The stationary wave can be viewed as the sum of two traveling sinusoidal waves of oppositely directed velocities. Wavelength and wave velocity are related just as for a traveling wave. For example, the speed of light can be determined from observation of standing waves in a metal box containing an ideal vacuum. Traveling sinusoidal waves are represented mathematically in terms of their velocity v, frequency f and wavelength λ as: y = A cos = A cos where y is the value of the wave at any position x and time t, A is the amplitude of the wave, they are commonly expressed in terms of wavenumber k and angular frequency ω as: y = A cos = A cos in which wavelength and wavenumber are related to velocity and frequency as: k = 2 π λ = 2 π f v = ω v, or λ = 2 π k = 2 π v ω =
Matheus de Sales Cabral, known as Matheus Sales, is a Brazilian footballer who plays for Figueirense, on loan from Coritiba, as a defensive midfielder. Born in Guarulhos, São Paulo, Matheus Sales joined Palmeiras' youth setup in 2009, after being approved in a trial. In 2014, after being linked to Internacional, he signed a new four-year deal with the club. Matheus Sales made his first team – and Série A – debut on 25 October 2015, starting in a 0–2 home loss against Sport Recife. In the year's Copa do Brasil, he started in both legs of the final, earning plaudits for his performance on the second match; as of match played 20 January 2016 PalmeirasCopa do Brasil: 2015 Campeonato Brasileiro Série A: 2016Bahia Copa do Nordeste: 2017 Palmeiras official profile Matheus Sales at Soccerway
Kristin Feireiss is a German architectural and design curator and editor. Her career has included co-founding the Aedes Architecture Forum in Berlin, serving as director of the Netherlands Architecture Institute, participating as an international juror and commissioner at the Architecture Biennale in Venice. In 2013, Feireiss became a Pritzker Architecture Prize juror. Feireiss was born in Berlin, she embarked on a course in Art History at Johann Wolfgang Goethe University in Frankfurt in 1963, graduated from Freie Universität Berlin in 1967. In the late 1960s, Feireiss began working as a journalist for cultural magazines and radio programs, she worked for Internationales Design Zentrum Berlin between 1976 and 1980. In 1980, she co-founded Aedes in a forum for architecture, she has served in various capacities for a number of other organizations including Netherlands Architecture Institute, Venice Biennale of Architecture, Pritzker Architecture Prize, the European Cultural Parliament. Feireiss is the author or co-author of various works, including Architecture in times of need: Make It Right rebuilding New Orleans’ Lower Ninth Ward, with Brad Pitt.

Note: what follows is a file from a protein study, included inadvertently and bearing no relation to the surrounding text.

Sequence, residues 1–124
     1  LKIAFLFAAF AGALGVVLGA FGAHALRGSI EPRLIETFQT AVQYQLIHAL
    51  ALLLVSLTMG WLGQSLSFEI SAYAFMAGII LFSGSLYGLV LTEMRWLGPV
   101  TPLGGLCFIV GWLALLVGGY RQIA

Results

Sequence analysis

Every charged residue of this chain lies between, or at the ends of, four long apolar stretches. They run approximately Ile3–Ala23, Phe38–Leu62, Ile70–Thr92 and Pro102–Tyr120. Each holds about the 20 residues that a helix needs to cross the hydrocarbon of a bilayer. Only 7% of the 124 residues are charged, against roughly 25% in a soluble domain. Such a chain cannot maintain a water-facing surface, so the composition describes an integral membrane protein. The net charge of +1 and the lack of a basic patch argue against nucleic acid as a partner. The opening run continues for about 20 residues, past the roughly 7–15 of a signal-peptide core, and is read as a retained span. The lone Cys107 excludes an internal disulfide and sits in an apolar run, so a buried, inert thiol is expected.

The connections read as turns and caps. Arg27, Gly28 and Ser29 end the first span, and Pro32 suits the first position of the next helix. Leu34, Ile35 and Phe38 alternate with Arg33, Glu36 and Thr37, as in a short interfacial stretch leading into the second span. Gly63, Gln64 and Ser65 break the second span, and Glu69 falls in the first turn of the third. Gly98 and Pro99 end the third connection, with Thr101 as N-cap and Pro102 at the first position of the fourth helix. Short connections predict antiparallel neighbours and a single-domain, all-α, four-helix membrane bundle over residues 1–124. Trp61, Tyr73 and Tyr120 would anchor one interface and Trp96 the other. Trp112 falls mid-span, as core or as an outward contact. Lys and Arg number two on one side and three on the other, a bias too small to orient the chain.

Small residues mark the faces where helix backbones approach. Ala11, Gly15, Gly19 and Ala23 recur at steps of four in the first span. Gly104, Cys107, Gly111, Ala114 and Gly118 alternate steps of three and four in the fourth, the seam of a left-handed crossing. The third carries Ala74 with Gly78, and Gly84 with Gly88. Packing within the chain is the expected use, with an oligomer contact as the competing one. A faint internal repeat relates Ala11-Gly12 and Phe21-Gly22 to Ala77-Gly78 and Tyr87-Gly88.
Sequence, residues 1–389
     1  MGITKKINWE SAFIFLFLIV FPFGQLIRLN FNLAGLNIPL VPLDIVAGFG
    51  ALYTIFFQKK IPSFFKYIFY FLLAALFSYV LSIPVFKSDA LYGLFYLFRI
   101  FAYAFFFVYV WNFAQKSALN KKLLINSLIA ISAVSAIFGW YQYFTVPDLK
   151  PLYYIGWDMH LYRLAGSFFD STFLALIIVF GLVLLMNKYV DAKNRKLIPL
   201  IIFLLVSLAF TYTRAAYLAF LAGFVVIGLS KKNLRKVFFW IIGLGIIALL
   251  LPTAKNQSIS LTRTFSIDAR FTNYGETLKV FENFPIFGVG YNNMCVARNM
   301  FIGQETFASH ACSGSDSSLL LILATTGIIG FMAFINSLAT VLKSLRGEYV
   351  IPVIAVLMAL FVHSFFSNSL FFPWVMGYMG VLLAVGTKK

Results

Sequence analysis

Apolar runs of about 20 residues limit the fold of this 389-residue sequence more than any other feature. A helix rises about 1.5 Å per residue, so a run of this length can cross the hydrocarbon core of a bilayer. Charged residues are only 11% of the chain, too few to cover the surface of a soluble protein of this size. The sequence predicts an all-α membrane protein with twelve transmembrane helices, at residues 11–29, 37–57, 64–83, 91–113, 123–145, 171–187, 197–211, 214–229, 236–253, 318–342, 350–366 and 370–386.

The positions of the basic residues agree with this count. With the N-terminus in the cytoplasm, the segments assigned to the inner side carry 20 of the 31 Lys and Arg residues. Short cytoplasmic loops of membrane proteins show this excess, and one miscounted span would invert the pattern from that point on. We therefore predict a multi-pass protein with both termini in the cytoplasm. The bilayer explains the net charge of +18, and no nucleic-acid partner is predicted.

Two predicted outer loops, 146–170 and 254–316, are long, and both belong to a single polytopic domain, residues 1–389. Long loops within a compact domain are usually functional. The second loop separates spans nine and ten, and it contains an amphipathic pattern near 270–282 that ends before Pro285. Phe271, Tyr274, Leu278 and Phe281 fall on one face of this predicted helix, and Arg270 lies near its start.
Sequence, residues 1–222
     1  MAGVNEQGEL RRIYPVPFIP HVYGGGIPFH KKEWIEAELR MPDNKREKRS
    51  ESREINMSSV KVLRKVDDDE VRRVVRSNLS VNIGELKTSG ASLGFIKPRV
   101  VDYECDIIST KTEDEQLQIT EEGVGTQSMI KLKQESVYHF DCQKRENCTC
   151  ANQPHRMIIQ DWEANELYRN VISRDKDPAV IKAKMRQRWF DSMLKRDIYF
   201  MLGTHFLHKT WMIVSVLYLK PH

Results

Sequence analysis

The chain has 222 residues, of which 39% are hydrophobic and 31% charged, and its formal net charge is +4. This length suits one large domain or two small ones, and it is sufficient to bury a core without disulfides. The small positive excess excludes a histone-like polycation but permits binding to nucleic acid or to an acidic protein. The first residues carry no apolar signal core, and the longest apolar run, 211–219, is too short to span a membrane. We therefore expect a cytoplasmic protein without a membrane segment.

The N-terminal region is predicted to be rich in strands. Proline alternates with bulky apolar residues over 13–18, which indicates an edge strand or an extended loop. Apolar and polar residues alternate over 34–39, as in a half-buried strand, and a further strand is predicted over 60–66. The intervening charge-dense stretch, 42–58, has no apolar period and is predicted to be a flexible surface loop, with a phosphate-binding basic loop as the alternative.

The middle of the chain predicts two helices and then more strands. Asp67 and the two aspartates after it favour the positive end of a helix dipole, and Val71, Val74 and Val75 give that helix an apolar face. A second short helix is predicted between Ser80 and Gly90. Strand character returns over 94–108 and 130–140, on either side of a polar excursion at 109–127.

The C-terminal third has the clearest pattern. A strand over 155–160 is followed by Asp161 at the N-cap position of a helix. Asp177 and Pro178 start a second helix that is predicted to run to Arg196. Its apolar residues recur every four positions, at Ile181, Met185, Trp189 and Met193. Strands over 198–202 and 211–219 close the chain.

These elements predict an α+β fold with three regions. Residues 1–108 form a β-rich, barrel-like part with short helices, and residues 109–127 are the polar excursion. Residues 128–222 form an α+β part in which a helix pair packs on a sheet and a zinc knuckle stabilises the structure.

In 1995, Feireiss was awarded the Literature Prize of the DAI, on 23 March 2001 she was awarded the Federal Cross of Merit. Feireiss was honored as a Knight of the Order of the Netherlands Lion. On 26 October 2007, Kristin Feireiss received an honorary doctorate from the Carolo-Wilhelmina Technische Universität in Braunschweig. In awarding this degree, the TU Braunschweig paid tribute to Feireiss for her activities as a journalist and founder of the Aedes Architecture Forum, for serving for more than 25 years as a mediator between academic architectural research and an interdisciplinary, international public. In 2016 she was awarded the Honorary Fellowship by the Royal Institute of British Architects. Kristin Feireiss. Die Gestalten, Berlin 2008, ISBN 978-3-899-55211-9. Kristin Feireiss. Prestel, München 2009, ISBN 978-3-791-34276-4. Wie ein Haus aus Karten. Die Neckermanns – meine Familiengeschichte. Ullstein, Berlin 2012, ISBN 978-3-550-08899-5